Tuesday, May 23, 2017
MUSIC REVIEW OF THE DAY: NICK CAVE and the BAD SEEDS - LOVELY CREATURES
This collection celebrates the output of the Bad Seeds band, as opposed to Nick Cave himself, so you won't find his soundtrack work here, or old Birthday Party cuts. Certainly there's enough to examine in the 30 years covered here. Available in several packages, including CD, digital and vinyl, you also get the choice of one, two or three CD's worth, plus a two-hour DVD of live appearances. The more, the better of course.
Cave and his colleagues exist in extremes. Loud is very loud, quiet is nearly hushed, experiments are wild. Cave's lyrics are disarming and disconcerting and even scary, and his topics elemental: God, death, love, sex, violence, all at their most intense. It's not mere shock value, although there are plenty of shocking moments. This is a band that refuses to blink, and insists on examining the darkest corners. It's not for the faint of heart, but if you are brave enough to follow along, you'll find deep understanding.
Along the journey, Cave learned a few tricks, and the group changed from a raw wound to a softer presence. Cave had realized the quiet made his love songs, such as Into My Arms that much more potent. Later on, they became something terribly out of fashion, an actual rock and roll band, about as powerful as has ever been, steering his new anthems such as There She Goes, My Beautiful World and Dig, Lazarus, Dig!!! At his best, Cave approaches the lyrical strengths of Dylan and Cohen, but with the decadence and darkness of Lou Reed.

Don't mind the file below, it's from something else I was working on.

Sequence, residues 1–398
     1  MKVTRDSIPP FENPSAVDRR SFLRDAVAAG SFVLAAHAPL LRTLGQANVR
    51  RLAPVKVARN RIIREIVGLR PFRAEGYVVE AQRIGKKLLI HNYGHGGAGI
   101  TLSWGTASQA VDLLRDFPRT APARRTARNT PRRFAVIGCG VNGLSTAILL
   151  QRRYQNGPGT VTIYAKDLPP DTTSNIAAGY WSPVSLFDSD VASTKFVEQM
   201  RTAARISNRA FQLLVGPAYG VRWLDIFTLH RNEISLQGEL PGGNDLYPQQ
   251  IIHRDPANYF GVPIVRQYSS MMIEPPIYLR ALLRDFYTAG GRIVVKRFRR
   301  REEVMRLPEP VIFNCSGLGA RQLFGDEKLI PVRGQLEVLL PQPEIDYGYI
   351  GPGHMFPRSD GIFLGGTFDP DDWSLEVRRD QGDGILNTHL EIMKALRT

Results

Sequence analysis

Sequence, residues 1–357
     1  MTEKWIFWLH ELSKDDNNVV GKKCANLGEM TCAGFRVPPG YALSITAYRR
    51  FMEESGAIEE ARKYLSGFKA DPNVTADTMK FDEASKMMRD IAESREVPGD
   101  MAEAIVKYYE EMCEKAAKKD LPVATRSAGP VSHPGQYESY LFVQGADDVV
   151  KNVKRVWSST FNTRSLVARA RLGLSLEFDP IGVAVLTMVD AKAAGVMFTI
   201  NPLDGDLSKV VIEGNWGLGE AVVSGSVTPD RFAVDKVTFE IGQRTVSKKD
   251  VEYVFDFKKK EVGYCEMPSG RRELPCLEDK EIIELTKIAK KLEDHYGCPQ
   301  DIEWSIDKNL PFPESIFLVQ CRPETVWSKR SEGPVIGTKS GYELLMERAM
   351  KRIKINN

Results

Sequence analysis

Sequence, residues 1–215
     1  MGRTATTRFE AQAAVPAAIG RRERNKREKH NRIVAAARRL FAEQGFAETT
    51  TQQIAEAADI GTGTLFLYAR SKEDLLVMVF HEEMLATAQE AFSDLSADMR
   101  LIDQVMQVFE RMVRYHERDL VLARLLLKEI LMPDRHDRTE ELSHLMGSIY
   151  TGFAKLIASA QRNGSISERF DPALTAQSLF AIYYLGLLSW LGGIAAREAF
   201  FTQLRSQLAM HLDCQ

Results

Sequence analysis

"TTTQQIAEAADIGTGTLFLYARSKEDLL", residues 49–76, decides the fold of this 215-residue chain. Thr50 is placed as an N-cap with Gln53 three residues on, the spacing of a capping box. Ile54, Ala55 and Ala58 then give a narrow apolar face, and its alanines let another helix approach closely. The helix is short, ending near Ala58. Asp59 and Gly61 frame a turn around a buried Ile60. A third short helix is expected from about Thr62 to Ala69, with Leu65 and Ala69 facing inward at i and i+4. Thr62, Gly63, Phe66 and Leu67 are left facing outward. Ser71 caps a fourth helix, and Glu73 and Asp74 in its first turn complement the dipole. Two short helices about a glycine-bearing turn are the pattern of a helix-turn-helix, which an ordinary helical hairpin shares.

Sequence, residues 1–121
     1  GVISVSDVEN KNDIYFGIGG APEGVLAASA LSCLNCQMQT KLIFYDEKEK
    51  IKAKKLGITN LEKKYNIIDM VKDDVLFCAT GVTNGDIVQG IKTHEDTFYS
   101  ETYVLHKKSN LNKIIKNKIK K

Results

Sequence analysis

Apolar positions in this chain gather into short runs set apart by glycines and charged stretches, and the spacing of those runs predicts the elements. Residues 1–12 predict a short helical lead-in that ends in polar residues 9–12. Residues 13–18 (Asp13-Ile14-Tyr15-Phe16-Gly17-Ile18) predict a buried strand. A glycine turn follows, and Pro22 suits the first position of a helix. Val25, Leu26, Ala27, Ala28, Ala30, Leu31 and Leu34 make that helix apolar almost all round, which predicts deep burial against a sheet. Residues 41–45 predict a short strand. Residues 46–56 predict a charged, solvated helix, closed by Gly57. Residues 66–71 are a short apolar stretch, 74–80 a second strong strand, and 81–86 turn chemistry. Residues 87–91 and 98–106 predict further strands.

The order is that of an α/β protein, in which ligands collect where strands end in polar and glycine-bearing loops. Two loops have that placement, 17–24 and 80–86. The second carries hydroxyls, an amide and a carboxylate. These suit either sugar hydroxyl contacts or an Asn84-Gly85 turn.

The DVD is a fine addition, featuring some brief interview sections that give some insight into Cave's drive, but never too long to get dull. The performances come from all over, including raw YouTube footage, commercial DVD cuts and TV appearances. There's some very strong material from British TV shows, and a live MTV version of the legendary Aussie pairing of Cave and Kylie Minogue on Where The Wild Roses Grow from his Murder Ballads album. Cave's work is going to be examined for a long time, and will probably only grow in stature.